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Figure 3. Improved consistency of gene annotation in v2 genomes.

The final predicted gene sets of the three Paracoccidioides strains were clustered using OrthoMCL, in v1 and v2. The scatterplots (A) compare, for each clustered group, the maximum length versus the minimum length of the three Paracoccidioides genes in the same cluster, for each of the two versions. The scatterplot contrasts the maximum-minimum pairs from annotation v1 (red points) and those from annotation v2 (blue points). The location of blue points closer to the diagonal illustrates that the annotation v2 was more consistent across the three genomes with smaller differences in gene length. In the same sense, the rank plots (B) show the difference between maximum and minimum length for each clustered group, for each of the two versions; again annotation v2 (blue line) showed fewer (later increase) and smaller (more gradual increase) differences, corresponding to the improvement of the genome annotation in v2.

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Further analysis of gene conservation also supported the greater consistency among the Paracoccidioides spp. genomes in the v2 annotation. The number of genes found in all three genomes increased, whereas the number of unique genes specific to only one genome decreased; this has produced a more uniform set of protein coding genes (Figure S2). The improved structural annotation also led to improvements in functional annotation. The v2 annotation had more genes with assigned protein domain families (PFAM) and pathway information (KEGG), using the same version of these databases for the v1 and v2 gene sets (Figure S2). This supports the higher functional content of the revised gene sets, despite the lower total gene counts in two of the genomes.

We also manually reviewed and curated the predicted structures of a number of protein-coding genes that are of importance to the Paracoccidioides research community, including well-characterized yeast-phase specific genes and other virulence factors. This introduces changes to the transcript sequence of 27 of these genes (Table 3). The improvements to the assemblies resulted in updated transcript predictions for the vast majority of genes of the three reference strains, with substantially corrected gene structures for several virulence-associated or yeast-phase specific genes of central importance in Paracoccidioides or other dimorphic fungi, including HSP90 [25], PbGP43 [26], PbP27 [27], RYP1-3 [28], BAD1 [29], catalase B, alpha 1,3 glucan synthase and the beta glucan synthase target gene FKS1 [30], [31]. An extreme example is the HSP90 gene, where corrections were made to the sequence of each of the three Paracoccidioides genomes (Fig. 4). This example illustrates the annotation errors in v1 of all Paracoccidioides reference strains that were fixed in v2 after Pilon improvement and re-annotation. In this case one or more single-nucleotide errors, unknown single nucleotides (N's), and/or single nucleotides that were erroneously reported as absent or duplicated by Sanger sequencing resulted in radically different predicted gene structures (intron/exon and/or gene boundary errors). This is shown in detail for a cluster of errors present at the end of HSP90 in Pb03 (Fig. 4B), which included alteration of the proper stop codon, resulting in premature truncation of this gene. Another example of coding sequence updates to multiple genomes is shown for FKS1, where different regions of the Pb03 and Pb18 proteins were restored in the updated assemblies and annotations (Figure S1).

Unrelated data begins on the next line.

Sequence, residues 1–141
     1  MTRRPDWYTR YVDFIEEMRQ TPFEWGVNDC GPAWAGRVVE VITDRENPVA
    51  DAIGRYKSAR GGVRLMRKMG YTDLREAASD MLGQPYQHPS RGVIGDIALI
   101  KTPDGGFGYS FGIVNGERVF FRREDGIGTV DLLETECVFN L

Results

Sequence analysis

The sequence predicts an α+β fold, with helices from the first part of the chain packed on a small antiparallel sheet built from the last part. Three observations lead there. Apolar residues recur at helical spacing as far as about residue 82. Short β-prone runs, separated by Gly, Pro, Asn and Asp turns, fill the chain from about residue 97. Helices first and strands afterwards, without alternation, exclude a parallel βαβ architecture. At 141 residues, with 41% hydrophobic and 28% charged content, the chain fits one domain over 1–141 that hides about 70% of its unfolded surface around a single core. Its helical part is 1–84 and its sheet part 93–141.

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Figure 4. Diverse error correction for the 90 kDa heat shock protein (HSP90 gene) of Paracoccidioides spp.

(A) In this example different annotation errors were present in v1 of all three Paracoccidioides reference strains, all of which were fixed in v2 after Pilon improvement and re-annotation. The example also illustrates how one or more single-nucleotide errors, unknown single nucleotides (N's), or single nucleotides that were erroneously reported as absent or duplicated by a Sanger sequencer can amplify across annotations, generating radically different gene structure (intron/exon and/or gene boundary) predictions. (B) Five changes are shown at assembly (DNA sequence) level, one of which was a single nucleotide error in a stop codon; as a result, the gene-calling program did not recognize the end of an exon and it was not reported.

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Table 3. Changes in updated annotations of known yeast-phase specific genes or virulence factors of Paracoccidioides and other dimorphic human pathogenic fungi.